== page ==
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Dancer Heather Ogden remembers her roots

Heather Ogden, principal dancer at the National Ballet of Canada. - Sian Richards photo

Heather Ogden, principal dancer at the National Ballet of Canada.
— image credit: Sian Richards photo


Heather Ogden trained at Richmond Academy of Dance before joining the National Ballet of Canada in 1998. She's now principal dancer with the National Ballet and feels like an ambassador for the Richmond Academy.

She remembers spending Saturday afternoons in the Richmond studio. After a short ballet class, rehearsals would follow for the rest of the day. That's when she really got to dance—and work on pieces as a group.

"I can't remember thinking there was anything else I would love to do more on a Saturday," Ogden told The Richmond Review.

She also has many great memories from local competitions. They provided a chance to get on stage and learn the art of performing and nerve-control, and were bonding experiences for students.

"It makes me smile to remember those afternoons when we would be exempt from our academic classes to go and dance our hearts out. With our mothers and costumes in tow it was always so much fun. And sometimes we came home with a trophy to top it all off."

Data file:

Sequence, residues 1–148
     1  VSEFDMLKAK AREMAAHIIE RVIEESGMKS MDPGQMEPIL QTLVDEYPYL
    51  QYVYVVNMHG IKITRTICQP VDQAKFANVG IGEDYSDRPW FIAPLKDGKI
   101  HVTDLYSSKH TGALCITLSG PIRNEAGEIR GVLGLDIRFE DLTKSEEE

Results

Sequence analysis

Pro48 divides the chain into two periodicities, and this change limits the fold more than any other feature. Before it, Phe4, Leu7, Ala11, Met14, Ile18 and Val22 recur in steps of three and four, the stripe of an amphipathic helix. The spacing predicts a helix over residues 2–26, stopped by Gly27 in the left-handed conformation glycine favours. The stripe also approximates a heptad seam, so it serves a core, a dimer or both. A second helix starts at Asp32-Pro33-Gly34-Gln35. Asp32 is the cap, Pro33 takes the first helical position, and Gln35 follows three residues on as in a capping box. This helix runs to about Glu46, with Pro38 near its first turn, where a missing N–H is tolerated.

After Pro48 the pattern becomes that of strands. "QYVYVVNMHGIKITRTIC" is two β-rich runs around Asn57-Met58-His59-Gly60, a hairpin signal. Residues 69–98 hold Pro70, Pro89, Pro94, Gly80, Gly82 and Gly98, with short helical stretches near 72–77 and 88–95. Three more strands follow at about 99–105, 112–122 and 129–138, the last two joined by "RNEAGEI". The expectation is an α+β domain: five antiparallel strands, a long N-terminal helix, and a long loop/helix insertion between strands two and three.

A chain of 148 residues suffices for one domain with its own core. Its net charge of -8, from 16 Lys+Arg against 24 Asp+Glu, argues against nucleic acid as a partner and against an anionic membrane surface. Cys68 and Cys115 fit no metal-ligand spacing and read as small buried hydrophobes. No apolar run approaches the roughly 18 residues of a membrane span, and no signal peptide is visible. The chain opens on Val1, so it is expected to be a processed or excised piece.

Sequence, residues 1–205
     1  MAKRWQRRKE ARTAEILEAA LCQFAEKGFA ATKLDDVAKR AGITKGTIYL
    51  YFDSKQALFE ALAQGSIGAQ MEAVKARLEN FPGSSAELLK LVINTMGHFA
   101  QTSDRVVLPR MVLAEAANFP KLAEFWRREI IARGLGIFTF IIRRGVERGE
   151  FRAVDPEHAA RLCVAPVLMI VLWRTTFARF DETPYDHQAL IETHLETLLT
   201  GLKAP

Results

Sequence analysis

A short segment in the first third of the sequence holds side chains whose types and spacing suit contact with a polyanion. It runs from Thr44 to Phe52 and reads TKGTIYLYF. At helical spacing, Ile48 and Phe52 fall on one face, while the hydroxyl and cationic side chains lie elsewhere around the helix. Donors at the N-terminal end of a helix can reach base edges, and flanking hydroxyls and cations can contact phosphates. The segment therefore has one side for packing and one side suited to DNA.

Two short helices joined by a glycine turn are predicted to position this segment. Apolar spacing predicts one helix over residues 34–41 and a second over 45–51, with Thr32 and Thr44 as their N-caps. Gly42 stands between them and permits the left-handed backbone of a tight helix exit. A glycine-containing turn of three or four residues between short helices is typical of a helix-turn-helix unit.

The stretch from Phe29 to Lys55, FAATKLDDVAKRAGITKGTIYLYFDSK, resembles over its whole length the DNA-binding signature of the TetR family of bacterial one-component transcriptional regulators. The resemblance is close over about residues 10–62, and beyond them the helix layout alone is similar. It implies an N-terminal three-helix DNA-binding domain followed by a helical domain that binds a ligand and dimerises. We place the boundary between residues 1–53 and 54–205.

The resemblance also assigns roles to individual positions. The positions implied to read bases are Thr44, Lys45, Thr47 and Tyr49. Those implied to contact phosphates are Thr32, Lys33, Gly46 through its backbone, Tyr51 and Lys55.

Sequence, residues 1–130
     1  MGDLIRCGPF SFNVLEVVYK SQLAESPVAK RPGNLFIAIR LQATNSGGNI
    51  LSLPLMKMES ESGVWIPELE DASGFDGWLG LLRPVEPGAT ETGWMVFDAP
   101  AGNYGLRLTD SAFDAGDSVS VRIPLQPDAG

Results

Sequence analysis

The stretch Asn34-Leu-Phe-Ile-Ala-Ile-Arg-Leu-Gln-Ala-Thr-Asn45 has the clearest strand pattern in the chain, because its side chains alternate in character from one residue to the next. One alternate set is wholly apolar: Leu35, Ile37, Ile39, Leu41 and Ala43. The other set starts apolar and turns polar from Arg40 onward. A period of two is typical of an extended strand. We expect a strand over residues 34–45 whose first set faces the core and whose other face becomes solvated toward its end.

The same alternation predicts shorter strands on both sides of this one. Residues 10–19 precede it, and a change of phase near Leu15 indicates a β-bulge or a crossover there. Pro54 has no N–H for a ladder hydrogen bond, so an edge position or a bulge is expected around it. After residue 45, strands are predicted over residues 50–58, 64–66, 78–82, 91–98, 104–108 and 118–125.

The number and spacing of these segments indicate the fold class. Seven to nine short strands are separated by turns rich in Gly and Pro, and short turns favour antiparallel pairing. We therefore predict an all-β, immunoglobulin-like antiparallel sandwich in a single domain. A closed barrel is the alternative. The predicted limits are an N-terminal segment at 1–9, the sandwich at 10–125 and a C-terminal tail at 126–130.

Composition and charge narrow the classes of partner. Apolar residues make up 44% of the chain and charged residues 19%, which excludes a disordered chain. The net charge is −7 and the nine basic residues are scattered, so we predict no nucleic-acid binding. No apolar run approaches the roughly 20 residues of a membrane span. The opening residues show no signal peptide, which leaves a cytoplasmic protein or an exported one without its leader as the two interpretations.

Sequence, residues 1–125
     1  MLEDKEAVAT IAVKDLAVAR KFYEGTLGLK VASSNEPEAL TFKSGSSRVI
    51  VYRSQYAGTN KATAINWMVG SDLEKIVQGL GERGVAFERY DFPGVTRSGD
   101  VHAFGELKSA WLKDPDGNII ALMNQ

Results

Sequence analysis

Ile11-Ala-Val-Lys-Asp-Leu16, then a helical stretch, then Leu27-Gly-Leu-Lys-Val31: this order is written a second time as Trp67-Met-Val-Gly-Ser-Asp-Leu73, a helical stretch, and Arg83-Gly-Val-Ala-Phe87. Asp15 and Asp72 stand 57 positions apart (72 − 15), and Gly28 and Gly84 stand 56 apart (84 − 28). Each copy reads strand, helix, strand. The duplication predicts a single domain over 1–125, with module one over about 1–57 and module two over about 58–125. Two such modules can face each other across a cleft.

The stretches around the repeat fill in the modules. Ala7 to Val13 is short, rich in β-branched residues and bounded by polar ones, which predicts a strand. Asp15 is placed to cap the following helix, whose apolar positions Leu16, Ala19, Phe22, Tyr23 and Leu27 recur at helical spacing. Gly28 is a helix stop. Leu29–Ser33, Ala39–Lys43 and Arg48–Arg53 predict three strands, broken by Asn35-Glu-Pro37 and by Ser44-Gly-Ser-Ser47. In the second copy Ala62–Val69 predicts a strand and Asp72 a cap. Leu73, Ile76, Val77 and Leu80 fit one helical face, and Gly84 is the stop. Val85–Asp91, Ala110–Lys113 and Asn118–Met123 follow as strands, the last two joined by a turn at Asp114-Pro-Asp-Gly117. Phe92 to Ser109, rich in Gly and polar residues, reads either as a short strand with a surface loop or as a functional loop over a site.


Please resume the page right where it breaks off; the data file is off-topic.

Ogden is sorry she isn't able to perform at the anniversary gala—she's preparing for her role in the North American premiere of the ballet Hamlet—but said she sends her love and congratulations. She also shared some thoughts with The Review on the academy's milestone.

"The Richmond Academy of Dance was my second home growing up. I probably took at least 10 ballet classes a week and I loved it. I met so many of my friends through dancing at Richmond Academy, many of whom I am still close with today, 13 years later! I loved that I was able to go to a local dance school and receive first rate professional training that led me to the career of my dreams.

"The directors Annette, Heather and Joe did a great job of making the school a fun place to be. We worked really hard but we also had so many opportunities to have fun performing and they let us take risks and discover ourselves as young dancers. Annette was my first ballet teacher and I remember as a six-year-old thinking she was quite strict, but I thought she was beautiful and was willing to listen to her every advice. Looking back I am so grateful for the solid foundation she gave me for my ballet technique and the sense of discipline and hunger for perfection that she encouraged.

"As I grew older, along with Annette, I worked with many other teachers the school had to offer. Jian Ron Sheng and Bau Zhu Sheng, a lovely couple from Beijing, worked with our class a lot through our teenage years. They really took us into the classical repertoire and taught us how to interpret different roles and express ourselves onstage. Suzanne Ouelette came to the school in my graduating year and I found she really helped me to find a more mature and professional quality, which was great for many of us hoping to transition into a professional career."

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